Bunny Hay from Protected Meadows

Bunny Fresh Grass Hay Special Editions 3 x 2kg

Bunny Fresh Grass Hay Special EditionsGrown in untreated meadows in a conservation area where it is harvested late in the season to prevent disturbance to nesting wildlife.  Regular mowing helps create a wide variety of plants.  Dried in warm air to preserve colour and flavour.

Price as of 05/02/2017 ( £5.55 – £7.40 / kg)Hay which has seasonal herbs, flowers and vegetables added.

Available as Winter Pack or Summer Pack

Price as of 05/02/2017 ( £4.50 / kg)

Dried Grass

Dried Grass

Fresh grass is the prefect food for rabbits and guinea pigs.  Dried grass therefore provides a handy and nutritious forage as part of a balanced diet.  It is also great combined with our herb mixes, single herbs, cereal grasses or flowers.

If you have the storage space, and plenty of small furry pets, it pays to buy the bulk bales.

For those without a local feed or equine merchant, you can still buy large bales of dried grass from some online stores. That way you can also have them delivered directly to your door.

Graze-On and Readigrass come in 15kg bales, much cheaper that buying 1kg bags even with delivery.

Readigrass  is available in large bales for horses and smaller bags under the Friendly  label for rabbits, guinea pigs and other small pet herbivores.  Graze-On is only available in 15kg bales.Readigrass pure dried grassGraze-On dried grassFriendly Readigrass for small animals

Nutritional Value of Dried Grass

The horse and rabbit products, Readigrass and Friendly Forage, have different nutritional breakdowns.  The small animal version is higher in fibre 28% and lower in protein 12% than the horse one.  The horse product has 21% fibre and 15% protein.

Readigrass and Friendly Forage dried grass are only 3% moisture, making them prone to leaf-break.  This is not dust, just broken dried grass powder.  This is useful for making cookies or syringe feeds so don’t waste it.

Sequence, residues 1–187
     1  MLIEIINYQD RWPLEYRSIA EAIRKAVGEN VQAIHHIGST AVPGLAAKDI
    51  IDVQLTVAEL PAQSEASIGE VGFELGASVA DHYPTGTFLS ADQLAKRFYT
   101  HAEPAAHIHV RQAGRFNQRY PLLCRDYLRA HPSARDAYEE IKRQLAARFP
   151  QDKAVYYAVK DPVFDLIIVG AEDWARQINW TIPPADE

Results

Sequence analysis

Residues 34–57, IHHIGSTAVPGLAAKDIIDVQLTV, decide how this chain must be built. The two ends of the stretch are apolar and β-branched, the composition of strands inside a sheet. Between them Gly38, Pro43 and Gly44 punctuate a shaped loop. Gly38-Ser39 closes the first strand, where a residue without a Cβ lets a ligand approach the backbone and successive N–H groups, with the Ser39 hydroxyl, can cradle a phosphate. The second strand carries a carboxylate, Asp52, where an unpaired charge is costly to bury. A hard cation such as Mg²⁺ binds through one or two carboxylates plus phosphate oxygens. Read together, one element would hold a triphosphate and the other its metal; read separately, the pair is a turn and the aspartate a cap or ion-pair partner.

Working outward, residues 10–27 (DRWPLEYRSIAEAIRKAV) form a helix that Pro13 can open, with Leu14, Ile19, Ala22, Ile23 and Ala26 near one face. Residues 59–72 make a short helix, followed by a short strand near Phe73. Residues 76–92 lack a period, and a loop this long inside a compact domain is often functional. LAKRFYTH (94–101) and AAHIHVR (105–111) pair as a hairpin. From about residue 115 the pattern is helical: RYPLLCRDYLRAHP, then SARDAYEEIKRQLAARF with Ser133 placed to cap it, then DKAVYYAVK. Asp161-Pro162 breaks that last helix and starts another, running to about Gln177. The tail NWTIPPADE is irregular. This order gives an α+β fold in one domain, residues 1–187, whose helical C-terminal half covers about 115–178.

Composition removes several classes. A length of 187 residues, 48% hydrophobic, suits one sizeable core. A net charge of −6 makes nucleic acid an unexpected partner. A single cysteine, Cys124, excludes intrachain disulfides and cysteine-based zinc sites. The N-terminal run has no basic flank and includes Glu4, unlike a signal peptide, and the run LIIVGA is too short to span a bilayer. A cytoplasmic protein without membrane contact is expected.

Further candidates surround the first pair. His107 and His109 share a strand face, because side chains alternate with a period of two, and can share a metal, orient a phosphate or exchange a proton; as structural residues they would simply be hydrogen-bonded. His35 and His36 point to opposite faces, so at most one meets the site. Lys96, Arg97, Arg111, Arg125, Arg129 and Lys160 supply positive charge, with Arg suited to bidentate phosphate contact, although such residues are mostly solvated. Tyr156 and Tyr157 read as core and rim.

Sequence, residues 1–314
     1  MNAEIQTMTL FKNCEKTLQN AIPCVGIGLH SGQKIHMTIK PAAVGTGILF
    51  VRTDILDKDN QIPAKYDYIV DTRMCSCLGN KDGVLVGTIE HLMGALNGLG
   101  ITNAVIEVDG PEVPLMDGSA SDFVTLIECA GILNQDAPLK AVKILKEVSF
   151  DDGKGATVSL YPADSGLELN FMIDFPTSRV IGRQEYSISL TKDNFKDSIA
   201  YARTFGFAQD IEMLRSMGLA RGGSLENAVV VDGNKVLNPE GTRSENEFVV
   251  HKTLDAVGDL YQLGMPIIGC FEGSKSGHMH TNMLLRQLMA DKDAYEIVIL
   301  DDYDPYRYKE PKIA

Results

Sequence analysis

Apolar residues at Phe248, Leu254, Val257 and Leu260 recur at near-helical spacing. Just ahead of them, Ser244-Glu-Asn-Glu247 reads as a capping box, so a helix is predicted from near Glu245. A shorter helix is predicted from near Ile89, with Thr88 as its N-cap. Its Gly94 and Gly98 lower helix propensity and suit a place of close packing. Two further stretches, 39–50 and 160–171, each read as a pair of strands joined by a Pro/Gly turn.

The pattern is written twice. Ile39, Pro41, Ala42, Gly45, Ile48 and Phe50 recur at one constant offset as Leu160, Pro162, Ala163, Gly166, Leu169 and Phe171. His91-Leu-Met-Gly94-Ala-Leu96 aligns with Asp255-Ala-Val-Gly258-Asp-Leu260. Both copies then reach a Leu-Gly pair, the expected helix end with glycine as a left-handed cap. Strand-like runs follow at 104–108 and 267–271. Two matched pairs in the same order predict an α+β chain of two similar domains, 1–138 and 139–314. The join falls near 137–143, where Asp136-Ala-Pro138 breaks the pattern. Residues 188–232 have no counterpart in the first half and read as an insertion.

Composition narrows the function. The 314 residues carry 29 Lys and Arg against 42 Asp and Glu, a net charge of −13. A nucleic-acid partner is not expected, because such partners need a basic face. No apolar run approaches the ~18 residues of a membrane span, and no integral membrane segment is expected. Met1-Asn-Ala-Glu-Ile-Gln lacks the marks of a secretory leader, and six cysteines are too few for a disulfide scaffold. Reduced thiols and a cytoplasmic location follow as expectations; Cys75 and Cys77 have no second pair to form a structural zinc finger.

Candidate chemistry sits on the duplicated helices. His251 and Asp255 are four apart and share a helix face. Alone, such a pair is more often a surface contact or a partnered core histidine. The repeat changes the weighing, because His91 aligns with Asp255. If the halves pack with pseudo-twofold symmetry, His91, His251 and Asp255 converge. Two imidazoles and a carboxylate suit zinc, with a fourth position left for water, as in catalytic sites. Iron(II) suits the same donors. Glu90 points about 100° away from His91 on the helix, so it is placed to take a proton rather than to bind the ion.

Graze-On has a dry matter of 90% which is similar to hay.  It has 14% protein and 25% fibre,  almost in-between the other two.

Like fresh grass, dried grass has the perfect balance of nutrients for  small furries.  The calcium to phosphorous ratio is around 2:1 and it is also a good source of Vitamin E, Beta Carotene and Vitamin C.

The grass is mechnically dried which preserves the green colour, aroma as well as the chlorophyll content.

Cider Vinegar

Cider Vinegar

Cider Vinegar - Organic with motherRaw Apple Cider Vinegar (ACV) is a complex naturally fermented food.  It has been used since antiquity for its healing properties.

Cider Vinegar – Beneficial or Old Wive’s Tale?

Vinegar is an old condiment.  According to The Journal of Food Science “The earliest known use of vinegar dates to more than 10000 years ago”.  Vinegar has been used  throughout history for preserving fruits and vegetables.  Many housekeepers  today still swear by vinegar and bicarbonate of soda.

Reader’s Digest have an article on the many and various uses of vinegar in general.

What is the Vinegar Mother?

The vinegar ‘Mother’ shows the vinegar is ‘alive’ and not pasteurised.

Dilution for rabbit drinking water

Dilute by adding 1-2 teaspoons per litre of drinking water.  Offer the resulting ‘bunnyade’ several times per week in a separate water bottle.  This makes sure the rabbit likes the taste and can choose to drink it or not.

The malic and acetic acid in apple cider vinegar have antimicrobial properties which makes it useful to feed if a rabbit or guinea pig is off colour.

Nutritionally it is good source of minerals, although not much else, and it does not contain sugar.

Cider Vinegar Guinea Pig rinse

You can use the same dilution to rinse your guinea pigs coat after shampooing.

Vinegar for Cleaning

Cider vinegar is too expensive to use as a hutch cleaner, but you can use white vinegar instead.  Many people use white vinegar to clean their hutches for its ability to remove calcium deposits.  Vinegar is also good at removing odours.

You can use cider vinegar to clean your water bottles to help prevent green algae in the summer months.

You can use it if your house rabbit wees on the carpet.   First sponge with plain water, soaking up the excess with a towel.  Sprinkle bicarbonate of soda on the stain.  Mix one part white wine vinegar with one part water and spray on to the bicarbonate of soda.  It will fizz up so let it settle down for a few minutes before soaking up the excess again.  Finish with clean water and dry the carpet as before.